Vice Chancellor Wallace Loh To Leave CU-Boulder Post

Aug. 3, 1997

Wallace Loh, vice chancellor for academic affairs at the University of Colorado at Boulder, has resigned to take a cabinet position with the governor’s office in the state of Washington. Loh’s resignation is effective Sept. 30. He will serve as director of policy for Washington Gov. Gary Locke. An interim vice chancellor will be named as soon as possible, said Chancellor Richard L. Byyny. A national search will be conducted for a permanent replacement.

CU-Boulder Honors Institute Identifies Future Engineers

July 31, 1997

Nearly 200 high school students representing 82 Colorado high schools will be exposed to the marvels of engineering during the 30th Annual High School Honors Institute at the College of Engineering and Applied Science at the University of Colorado at Boulder. Participants, age 17 and 18, will learn about CU engineering programs, facilities, research projects and faculty. They also will discuss career options during the seminar, which runs from Aug. 3 to Aug. 6.

Colorado Space Grant Consortium Fact Sheet

July 30, 1997

* The Colorado Space Grant Consortium is one of 50 such programs founded in 1989 by NASA to help maintain the nation’s preeminence in space science and technology. * The Consortium is based at the University of Colorado at Boulder and is a joint effort by 16 colleges and universities throughout Colorado.

CU-Boulder Student Shuttle Payload Set For Aug. 7 Launch Aboard Discovery

July 30, 1997

A payload designed and built by more than 100 University of Colorado at Boulder students to peer at the sun from orbit is slated to blast into space aboard NASA's space shuttle Discovery at 8:40 a.m. MDT Aug. 7 from Cape Kennedy, Fla.

CU Astronomers Probe Energy Source of Jupiter's Massive Charged-Particle Ring

July 28, 1997

A charged-particle ring encircling Jupiter that glows with a power greater than all the electricity generated on Earth seems to be fueled both by its volcanically active moon, Io, and an unknown source further out in Jupiter’s environment.

Formation Of Earth's Moon Likely Caused By Huge Planetary Collision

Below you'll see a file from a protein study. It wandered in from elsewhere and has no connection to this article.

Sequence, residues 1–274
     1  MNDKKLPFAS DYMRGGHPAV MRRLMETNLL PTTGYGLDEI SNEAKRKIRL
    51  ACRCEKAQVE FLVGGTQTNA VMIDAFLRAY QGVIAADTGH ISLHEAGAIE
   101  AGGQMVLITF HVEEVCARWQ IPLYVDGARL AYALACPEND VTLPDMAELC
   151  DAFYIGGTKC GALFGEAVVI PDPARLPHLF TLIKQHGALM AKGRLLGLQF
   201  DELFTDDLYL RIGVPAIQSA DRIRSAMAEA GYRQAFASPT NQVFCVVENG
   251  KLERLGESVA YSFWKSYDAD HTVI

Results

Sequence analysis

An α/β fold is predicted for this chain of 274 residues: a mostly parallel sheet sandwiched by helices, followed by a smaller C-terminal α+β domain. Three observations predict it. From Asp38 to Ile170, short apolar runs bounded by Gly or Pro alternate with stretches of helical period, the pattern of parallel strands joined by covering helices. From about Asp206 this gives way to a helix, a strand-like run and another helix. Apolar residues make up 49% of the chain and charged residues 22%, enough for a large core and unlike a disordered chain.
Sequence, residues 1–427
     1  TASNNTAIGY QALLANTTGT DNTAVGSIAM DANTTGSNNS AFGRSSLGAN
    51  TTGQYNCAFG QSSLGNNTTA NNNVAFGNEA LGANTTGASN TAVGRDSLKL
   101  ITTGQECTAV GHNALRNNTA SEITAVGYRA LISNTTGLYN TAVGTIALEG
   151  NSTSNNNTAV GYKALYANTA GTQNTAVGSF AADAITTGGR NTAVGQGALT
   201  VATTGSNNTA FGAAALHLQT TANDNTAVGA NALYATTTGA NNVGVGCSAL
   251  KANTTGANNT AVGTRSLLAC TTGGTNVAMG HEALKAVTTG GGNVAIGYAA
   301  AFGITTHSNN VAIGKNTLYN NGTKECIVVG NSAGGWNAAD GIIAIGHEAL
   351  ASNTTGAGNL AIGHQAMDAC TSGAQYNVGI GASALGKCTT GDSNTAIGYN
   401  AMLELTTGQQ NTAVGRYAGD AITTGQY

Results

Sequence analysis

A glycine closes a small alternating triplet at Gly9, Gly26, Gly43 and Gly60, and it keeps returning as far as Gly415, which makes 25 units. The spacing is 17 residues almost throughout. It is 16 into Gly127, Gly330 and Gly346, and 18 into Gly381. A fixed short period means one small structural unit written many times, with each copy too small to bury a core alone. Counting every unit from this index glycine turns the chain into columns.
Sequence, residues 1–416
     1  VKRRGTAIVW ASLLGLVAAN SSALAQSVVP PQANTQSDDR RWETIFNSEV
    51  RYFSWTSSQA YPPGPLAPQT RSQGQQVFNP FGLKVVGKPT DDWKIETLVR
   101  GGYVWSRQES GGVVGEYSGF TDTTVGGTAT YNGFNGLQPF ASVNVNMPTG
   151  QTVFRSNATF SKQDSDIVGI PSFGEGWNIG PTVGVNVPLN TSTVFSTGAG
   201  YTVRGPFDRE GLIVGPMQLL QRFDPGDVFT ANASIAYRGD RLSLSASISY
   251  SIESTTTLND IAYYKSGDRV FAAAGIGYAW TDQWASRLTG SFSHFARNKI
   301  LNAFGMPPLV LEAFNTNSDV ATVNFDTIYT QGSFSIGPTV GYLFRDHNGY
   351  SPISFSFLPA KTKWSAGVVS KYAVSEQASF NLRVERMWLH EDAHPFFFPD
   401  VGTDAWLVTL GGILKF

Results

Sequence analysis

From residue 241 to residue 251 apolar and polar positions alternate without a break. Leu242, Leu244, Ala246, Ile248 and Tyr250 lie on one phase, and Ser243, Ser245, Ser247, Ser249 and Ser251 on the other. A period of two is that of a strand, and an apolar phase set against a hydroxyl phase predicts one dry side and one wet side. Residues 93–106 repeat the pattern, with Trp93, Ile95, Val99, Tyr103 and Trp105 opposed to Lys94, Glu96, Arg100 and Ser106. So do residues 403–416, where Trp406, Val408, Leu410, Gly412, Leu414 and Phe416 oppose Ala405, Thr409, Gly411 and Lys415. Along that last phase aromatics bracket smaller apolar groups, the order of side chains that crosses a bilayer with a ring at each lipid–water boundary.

July 27, 1997

A rogue planet three times as massive as Mars probably sideswiped Earth 4.5 million years ago, vaporizing enough material from Earth’s upper layers to form the moon, according to a University of Colorado at Boulder study.

Peculiar Ring-Arcs Around Neptune Explained By CU-Boulder Professor

July 27, 1997

A University of Colorado at Boulder planetary scientist has developed a new model to explain the structure of an odd ring around Neptune resembling a string of beads that was discovered by NASA's Voyager 2 fly-by of Neptune in 1989. According to Larry Esposito of the University of Colorado's Laboratory for Atmospheric and Space Physics, the ring, known as the Adams ring, was formed when a comet collided with a tiny moon. The impact of the crash dispersed matter from the two bodies into a ring of particles orbiting Neptune.

Denver Area K-12 Teachers, Counselors Set for Engineering Program at CU-Boulder

July 27, 1997

Twenty-five K-12 school teachers, counselors and administrators from Denver area K-12 schools will participate in a CU-Boulder workshop July 29 through July 31 designed to help them “discover engineering” using hands-on learning.

CU-Boulder's I.D. Card Logo Wins Design Award

July 24, 1997

The Publications and Marketing office at the University of Colorado at Boulder has won a 1997 national Circle of Excellence award for Visual Design in Print from the Council for Advancement and Support of Education. The publications office received a silver award for its Buff OneCard logo. The silver award was one of 21 given by CASE in its annual competition.

Colorado High School Students Study Philosophy at CU-Boulder

July 24, 1997

Some youngsters go to summer camp to learn to swim or canoe, but 37 Colorado high school students this summer are attending the University of Colorado at Boulder to learn about philosophy. The Summer Philosophy Institute is designed to provide an introduction to college life and to the methods and subject matter of philosophy as a way of enriching students’ appreciation of literature, art, history and Western culture.